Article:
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Nanoracks, the world’s leading commercial space station company, has booked a launch mission like no other, leveraging the recently announced SpaceX Rideshare program. Onboard a Falcon 9, targeting launch in late 2020, Nanoracks has booked deployment of eight small satellites as well as the Company’s first in-space Outpost-demonstration mission.

https://nanoracks.com/rideshare-habitat-building-demonstration/


Online gongora

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Re: SpaceX F9 : SpaceX SSO-1 Rideshare : December 2020
« Reply #3 on: 02/07/2020 10:43 pm »
Nanoracks Is Offering Unbeatable Rideshare Pricing & Services – Book before April 2, 2020 to get our early-bird deal.

Recently, we at Nanoracks announced that we are now offering small satellite deployment opportunities
on SpaceX dedicated rideshare missions – and our first mission is targeted for Q4 2020. We’ve been very
busy – and now just a few spaces still remain on our port, and we want to give you the best deal
possible!

We’re offering discounted rates through April 2, 2020 – giving you the opportunity to not only virtually
meet with our team, but also sign your launch deal in person if you will be at either Satellite 2020 in
Washington, DC or the Space Symposium in Colorado Springs. After April 2, prices will increase.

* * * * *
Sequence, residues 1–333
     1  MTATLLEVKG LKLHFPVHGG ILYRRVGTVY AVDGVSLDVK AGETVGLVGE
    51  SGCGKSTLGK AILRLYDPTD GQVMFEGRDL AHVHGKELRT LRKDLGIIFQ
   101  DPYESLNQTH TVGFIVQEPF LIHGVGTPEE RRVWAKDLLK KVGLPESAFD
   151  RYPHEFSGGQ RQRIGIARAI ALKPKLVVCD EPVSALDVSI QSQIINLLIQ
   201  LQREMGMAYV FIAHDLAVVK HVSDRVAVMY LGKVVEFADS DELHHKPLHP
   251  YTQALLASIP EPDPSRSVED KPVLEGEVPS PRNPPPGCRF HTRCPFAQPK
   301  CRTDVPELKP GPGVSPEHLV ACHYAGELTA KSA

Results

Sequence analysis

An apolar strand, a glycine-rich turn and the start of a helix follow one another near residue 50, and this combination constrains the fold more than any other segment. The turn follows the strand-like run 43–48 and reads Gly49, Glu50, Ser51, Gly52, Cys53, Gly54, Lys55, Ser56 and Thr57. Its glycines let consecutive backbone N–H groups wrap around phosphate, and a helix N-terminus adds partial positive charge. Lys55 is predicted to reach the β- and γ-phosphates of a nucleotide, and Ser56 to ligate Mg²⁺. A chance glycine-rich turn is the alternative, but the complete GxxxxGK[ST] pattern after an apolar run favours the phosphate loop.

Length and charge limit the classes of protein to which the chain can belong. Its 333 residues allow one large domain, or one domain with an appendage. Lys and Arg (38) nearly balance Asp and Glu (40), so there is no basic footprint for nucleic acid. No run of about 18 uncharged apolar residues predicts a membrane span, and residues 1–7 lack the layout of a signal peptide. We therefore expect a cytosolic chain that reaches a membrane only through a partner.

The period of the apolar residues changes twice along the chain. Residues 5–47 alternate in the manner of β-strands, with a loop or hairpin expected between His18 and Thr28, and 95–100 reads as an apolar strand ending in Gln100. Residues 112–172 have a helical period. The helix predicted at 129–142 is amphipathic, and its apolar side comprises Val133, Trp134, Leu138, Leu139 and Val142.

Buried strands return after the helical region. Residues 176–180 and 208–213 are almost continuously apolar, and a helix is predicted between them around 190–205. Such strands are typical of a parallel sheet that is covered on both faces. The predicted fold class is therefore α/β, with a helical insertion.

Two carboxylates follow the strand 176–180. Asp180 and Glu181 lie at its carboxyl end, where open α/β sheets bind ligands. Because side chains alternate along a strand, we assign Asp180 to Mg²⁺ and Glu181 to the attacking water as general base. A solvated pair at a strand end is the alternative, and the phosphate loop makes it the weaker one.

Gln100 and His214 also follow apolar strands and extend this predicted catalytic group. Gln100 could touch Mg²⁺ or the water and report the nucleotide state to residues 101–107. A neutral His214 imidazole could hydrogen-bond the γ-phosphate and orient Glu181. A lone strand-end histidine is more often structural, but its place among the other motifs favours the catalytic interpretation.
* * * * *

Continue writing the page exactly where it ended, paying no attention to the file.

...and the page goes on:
We are offering CubeSat deployments up to 12U in size with a rail deployer system, manufactured by
our partners Astrofein (Berlin). If you are interested in a tab-based deployer, we are able to customize
that for your mission. If a MicroSat is what you are looking for – we have you covered up to 175
kilograms.

Our Q4 2020 mission will fly to a sun-synchronous orbit (SSO) of 500 to 600 kilometers.
...


(h/t to u/Straumli_Blight for finding this)
« Last Edit: 02/07/2020 10:45 pm by gongora »

Offline CorvusCorax

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Re: SpaceX F9 : SpaceX SSO-1 Rideshare : December 2020
« Reply #4 on: 02/09/2020 10:10 pm »
If a MicroSat is what you are looking for – we have you covered up to 175
kilograms.

Microsat customers might also consider booking directly on SpaceX ride-share web-shop, especially if above 175kg.

https://rideshare.spacex.com/search?orbitClassification=2&launchDate=2020-06-10&payloadMass=100

It looks like there's still slots available ;)

Online FutureSpaceTourist

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Re: SpaceX F9 : SpaceX SSO-1 Rideshare : December 2020
« Reply #5 on: 04/14/2020 11:55 am »
https://twitter.com/sciguyspace/status/1250025914370580482